Every October, the country turns purple for mes morado (purple month) in honor of the Señor de los Milagros (the Lord of Miracles). Its history dates back to the 1600s to an Angolan slave in Lima.The Señor de los Milagros is a painting of Christ crucified that withstood the years. In the mid-1600s, an anonymous Angolan slave painted the image of Christ in expression of his faith on an ordinary adobe wall of a building where the Angolan brotherhood in the area would meet. There wasn’t anything special about the wall or the painting until 1655 when a terrible earthquake occurred. There were thousands of deaths and destroyed buildings, including the building of the Angolan brotherhood, yet the wall and the painting remained entirely intact without the slightest crack.
This very wall would survive over three centuries to the present day. Soon after the first miraculous occurrence, the viceroy ordered the wall destroyed after noticing all the people worshipping it with what seemed like pagan rituals, but strange things would happen to every person that approached the wall with the intention of destroying it or erasing the painting. A painter started trembling and felt goosebumps in fear when he approached the painting. A soldier witnessed the image of Christ become more beautiful and Christ’s crown turn green. People began protesting as they heard about these new miracles and the order was eventually revoked.In 1687, a tsunami destroyed the chapel they had constructed in front of the Señor de los Milagros. Yet again, the painting endured untouched. It was at this point that the Catholic Church recognized its sacredness and began a procession in its honor. They carried an oil-based replica through the streets of Lima, asking Christ to pacify nature’s wrath.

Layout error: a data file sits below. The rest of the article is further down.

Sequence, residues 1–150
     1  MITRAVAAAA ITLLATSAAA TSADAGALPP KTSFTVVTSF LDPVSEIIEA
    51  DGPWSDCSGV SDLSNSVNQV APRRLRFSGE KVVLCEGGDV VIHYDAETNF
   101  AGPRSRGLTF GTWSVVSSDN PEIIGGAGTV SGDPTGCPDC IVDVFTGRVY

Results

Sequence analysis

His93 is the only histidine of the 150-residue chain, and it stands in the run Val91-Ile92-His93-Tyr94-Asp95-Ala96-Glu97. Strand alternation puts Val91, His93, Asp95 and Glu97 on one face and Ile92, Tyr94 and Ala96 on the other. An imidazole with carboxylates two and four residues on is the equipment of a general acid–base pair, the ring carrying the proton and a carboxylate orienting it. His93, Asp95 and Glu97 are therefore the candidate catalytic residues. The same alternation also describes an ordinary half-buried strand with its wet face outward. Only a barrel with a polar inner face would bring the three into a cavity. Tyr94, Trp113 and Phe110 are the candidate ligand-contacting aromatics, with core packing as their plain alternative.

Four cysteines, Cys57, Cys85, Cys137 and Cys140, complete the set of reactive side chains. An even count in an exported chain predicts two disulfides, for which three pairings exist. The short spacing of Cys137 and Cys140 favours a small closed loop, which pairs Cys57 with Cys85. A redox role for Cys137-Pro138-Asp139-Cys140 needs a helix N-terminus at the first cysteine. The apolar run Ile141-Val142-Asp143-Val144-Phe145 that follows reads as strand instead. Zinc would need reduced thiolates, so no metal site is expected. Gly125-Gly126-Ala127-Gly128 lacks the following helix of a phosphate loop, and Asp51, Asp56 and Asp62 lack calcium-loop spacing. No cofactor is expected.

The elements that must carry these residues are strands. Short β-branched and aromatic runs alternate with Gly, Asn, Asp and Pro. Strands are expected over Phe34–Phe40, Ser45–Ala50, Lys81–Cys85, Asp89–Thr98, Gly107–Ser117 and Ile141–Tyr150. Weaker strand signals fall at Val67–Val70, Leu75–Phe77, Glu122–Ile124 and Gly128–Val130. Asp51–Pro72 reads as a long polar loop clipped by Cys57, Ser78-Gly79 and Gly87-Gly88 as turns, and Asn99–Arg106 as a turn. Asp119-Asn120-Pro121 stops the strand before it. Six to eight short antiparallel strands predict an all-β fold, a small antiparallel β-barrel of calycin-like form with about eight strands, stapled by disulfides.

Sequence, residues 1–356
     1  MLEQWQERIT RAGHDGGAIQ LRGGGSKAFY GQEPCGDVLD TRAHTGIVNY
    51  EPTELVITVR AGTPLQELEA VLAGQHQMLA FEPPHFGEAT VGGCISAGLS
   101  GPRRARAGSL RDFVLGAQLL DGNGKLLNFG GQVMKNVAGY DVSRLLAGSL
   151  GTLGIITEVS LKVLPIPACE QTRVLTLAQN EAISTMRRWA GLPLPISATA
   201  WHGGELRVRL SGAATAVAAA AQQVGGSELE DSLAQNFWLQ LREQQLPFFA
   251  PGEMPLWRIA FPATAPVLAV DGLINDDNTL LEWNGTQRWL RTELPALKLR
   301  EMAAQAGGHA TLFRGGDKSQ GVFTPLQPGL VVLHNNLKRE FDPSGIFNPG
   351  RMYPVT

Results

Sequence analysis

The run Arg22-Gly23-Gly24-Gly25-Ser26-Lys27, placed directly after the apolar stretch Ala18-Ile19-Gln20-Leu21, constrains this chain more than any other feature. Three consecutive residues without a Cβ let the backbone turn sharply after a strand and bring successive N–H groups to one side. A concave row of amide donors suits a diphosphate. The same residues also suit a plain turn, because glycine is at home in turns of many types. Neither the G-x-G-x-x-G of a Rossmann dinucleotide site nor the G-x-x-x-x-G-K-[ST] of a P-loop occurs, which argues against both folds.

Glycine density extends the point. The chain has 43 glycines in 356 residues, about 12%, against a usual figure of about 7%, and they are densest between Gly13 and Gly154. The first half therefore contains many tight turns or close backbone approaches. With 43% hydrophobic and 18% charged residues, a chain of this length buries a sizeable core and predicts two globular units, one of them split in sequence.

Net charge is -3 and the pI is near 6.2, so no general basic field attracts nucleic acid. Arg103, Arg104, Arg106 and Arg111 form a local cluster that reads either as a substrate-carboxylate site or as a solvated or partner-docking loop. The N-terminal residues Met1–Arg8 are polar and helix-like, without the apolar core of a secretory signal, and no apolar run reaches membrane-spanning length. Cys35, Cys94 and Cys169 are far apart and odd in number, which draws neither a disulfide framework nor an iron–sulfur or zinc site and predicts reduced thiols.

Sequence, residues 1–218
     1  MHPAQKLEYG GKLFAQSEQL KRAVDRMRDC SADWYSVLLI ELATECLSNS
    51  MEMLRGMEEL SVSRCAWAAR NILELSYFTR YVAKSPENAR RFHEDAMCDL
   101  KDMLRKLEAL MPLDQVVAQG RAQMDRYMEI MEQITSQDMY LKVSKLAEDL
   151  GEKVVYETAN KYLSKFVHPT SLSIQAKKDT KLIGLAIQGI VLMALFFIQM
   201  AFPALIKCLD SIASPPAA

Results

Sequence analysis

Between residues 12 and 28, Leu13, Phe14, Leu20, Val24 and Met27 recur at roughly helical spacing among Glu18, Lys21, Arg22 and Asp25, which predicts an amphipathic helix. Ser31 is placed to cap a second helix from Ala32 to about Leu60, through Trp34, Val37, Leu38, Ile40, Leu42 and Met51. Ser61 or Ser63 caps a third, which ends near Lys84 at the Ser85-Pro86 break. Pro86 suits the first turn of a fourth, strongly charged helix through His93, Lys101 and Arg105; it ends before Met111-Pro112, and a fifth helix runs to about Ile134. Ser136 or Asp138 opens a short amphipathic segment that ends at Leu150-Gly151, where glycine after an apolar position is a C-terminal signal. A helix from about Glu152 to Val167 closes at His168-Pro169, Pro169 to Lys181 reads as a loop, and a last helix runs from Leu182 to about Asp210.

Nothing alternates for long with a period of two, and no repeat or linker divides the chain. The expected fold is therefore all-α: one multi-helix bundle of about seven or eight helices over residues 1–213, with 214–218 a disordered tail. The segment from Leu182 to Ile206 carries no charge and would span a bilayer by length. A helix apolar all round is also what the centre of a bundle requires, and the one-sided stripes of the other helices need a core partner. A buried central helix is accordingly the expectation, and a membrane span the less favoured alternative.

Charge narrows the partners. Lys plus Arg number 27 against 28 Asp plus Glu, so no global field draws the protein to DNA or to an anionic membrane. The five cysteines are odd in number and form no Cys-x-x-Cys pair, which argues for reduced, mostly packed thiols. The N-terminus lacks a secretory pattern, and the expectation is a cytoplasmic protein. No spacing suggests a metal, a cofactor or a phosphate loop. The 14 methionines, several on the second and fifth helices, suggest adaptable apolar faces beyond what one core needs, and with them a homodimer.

The procession has been an annual event since then. It happens all over Peru and around the world, including Australia, Egypt, Italy, and the United States to name a few countries. Here in Huancayo, companies and schools wake up early in the morning to prepare “carpets” of woodchips along the procession path as the Señor de los Milagros makes a roundtrip pilgrimage to and from the central Catholic church at the main plaza. It’s also tradition to eat turrón (a nougat-type dessert) during purple month — as the story goes, Doña Pepa, an African slave, dreamed of the recipe the night that the Señor de los Milagros cured her of paralysis.
What is the largest tradition, procession, or parade in your city?